April 18, 2022 – Female physicians are spending significantly more time than their male counterparts working in electronic health record (EHR) systems—which may contribute to their higher risk for symptoms of burnout, according to a new study.
The study looked at six months of EHR use in 2019 for 125 primary care physicians at Brigham and Women’s Hospital. The researchers found that female doctors spent significantly more time on clinical emails and notes, and that they received 26% more emails from hospital staff and 24% more messages directly from patients than male doctors.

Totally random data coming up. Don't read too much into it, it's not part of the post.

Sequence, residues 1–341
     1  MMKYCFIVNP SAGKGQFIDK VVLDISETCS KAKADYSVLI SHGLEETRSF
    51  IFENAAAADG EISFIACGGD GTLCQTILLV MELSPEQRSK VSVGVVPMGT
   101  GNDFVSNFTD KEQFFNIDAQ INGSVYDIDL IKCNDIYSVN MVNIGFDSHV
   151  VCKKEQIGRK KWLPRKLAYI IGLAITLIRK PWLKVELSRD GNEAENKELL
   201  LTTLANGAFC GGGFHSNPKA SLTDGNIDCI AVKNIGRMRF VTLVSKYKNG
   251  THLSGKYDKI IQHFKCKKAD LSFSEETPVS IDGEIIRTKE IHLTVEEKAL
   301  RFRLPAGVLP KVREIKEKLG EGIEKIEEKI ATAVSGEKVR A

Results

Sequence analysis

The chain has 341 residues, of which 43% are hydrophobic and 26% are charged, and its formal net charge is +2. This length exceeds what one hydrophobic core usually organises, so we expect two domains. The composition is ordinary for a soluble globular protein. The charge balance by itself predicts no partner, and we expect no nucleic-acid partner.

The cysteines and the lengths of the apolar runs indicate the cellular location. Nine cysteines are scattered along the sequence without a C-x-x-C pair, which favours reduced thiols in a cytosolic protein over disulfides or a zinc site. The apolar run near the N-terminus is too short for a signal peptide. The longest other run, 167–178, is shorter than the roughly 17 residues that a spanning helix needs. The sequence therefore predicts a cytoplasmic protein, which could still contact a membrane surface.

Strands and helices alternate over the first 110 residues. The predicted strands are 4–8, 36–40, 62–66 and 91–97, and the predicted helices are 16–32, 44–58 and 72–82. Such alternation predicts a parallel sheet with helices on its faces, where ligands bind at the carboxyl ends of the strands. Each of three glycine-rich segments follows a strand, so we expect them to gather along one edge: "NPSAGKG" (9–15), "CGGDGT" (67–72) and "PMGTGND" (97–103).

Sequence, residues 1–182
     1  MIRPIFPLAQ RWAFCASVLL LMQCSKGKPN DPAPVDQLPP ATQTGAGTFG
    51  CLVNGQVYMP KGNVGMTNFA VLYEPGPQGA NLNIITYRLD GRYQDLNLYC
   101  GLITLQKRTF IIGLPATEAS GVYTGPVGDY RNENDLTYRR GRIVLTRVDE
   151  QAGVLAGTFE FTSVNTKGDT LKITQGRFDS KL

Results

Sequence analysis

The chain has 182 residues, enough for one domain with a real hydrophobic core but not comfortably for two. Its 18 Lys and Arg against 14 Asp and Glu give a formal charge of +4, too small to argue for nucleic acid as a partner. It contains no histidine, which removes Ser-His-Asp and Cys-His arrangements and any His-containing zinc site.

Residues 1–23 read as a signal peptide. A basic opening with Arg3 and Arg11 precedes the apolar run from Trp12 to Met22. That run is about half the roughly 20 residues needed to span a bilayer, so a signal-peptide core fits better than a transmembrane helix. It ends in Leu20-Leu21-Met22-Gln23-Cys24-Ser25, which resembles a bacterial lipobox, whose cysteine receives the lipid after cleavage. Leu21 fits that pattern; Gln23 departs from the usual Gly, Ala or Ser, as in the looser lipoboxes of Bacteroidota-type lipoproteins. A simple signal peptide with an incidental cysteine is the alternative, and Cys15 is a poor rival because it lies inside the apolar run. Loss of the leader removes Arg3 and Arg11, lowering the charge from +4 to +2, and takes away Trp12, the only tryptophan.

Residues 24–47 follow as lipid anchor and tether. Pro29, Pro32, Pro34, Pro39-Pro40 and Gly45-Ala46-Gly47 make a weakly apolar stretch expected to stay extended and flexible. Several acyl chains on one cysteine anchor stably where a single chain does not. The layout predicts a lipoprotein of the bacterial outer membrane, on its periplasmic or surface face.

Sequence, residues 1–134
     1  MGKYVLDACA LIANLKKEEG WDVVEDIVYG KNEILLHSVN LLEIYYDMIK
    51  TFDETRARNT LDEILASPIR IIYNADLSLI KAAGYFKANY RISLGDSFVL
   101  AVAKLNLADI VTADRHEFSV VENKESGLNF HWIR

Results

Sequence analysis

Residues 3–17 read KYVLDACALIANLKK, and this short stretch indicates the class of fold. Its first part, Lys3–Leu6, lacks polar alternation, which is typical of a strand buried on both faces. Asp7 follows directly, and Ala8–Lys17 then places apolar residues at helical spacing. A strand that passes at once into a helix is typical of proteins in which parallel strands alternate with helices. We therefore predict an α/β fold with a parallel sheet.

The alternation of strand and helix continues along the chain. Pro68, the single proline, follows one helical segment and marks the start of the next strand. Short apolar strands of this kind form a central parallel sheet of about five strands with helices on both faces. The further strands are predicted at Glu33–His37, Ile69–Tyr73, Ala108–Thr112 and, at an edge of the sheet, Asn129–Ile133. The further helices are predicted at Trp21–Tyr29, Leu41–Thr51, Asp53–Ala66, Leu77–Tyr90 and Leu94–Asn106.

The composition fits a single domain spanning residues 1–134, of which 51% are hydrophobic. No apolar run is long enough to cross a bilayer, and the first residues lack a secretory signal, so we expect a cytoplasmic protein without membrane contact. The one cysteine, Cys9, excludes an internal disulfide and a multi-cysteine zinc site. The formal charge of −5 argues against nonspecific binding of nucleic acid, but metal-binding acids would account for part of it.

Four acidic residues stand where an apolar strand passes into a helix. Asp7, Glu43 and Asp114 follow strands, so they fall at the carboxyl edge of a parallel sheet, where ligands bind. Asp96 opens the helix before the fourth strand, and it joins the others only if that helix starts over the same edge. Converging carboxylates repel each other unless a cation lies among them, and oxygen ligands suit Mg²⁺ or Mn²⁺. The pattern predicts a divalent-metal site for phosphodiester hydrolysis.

Working in EHR systems is “a well-known source of frustration for physicians,” wrote Michael Barnett, assistant professor of health policy and management at Harvard T.H. Chan School of Public Health, in an April 12, 2022 article about the study in Tradeoffs. Barnett, who was not part of the study, noted that the findings suggest that “higher EHR burden for women comes from others’ behavior and expectations rather than from physicians themselves, which is what I find most fascinating about this study.”
The study authors recommended that hospital leaders use time spent on EHRs as a flag for burnout, and that they provide support systems for overworked physicians, such as medical scribes or protected time for EHR work.
Read the Tradeoffs article: Using the EHR to Fight Burnout in Female Docs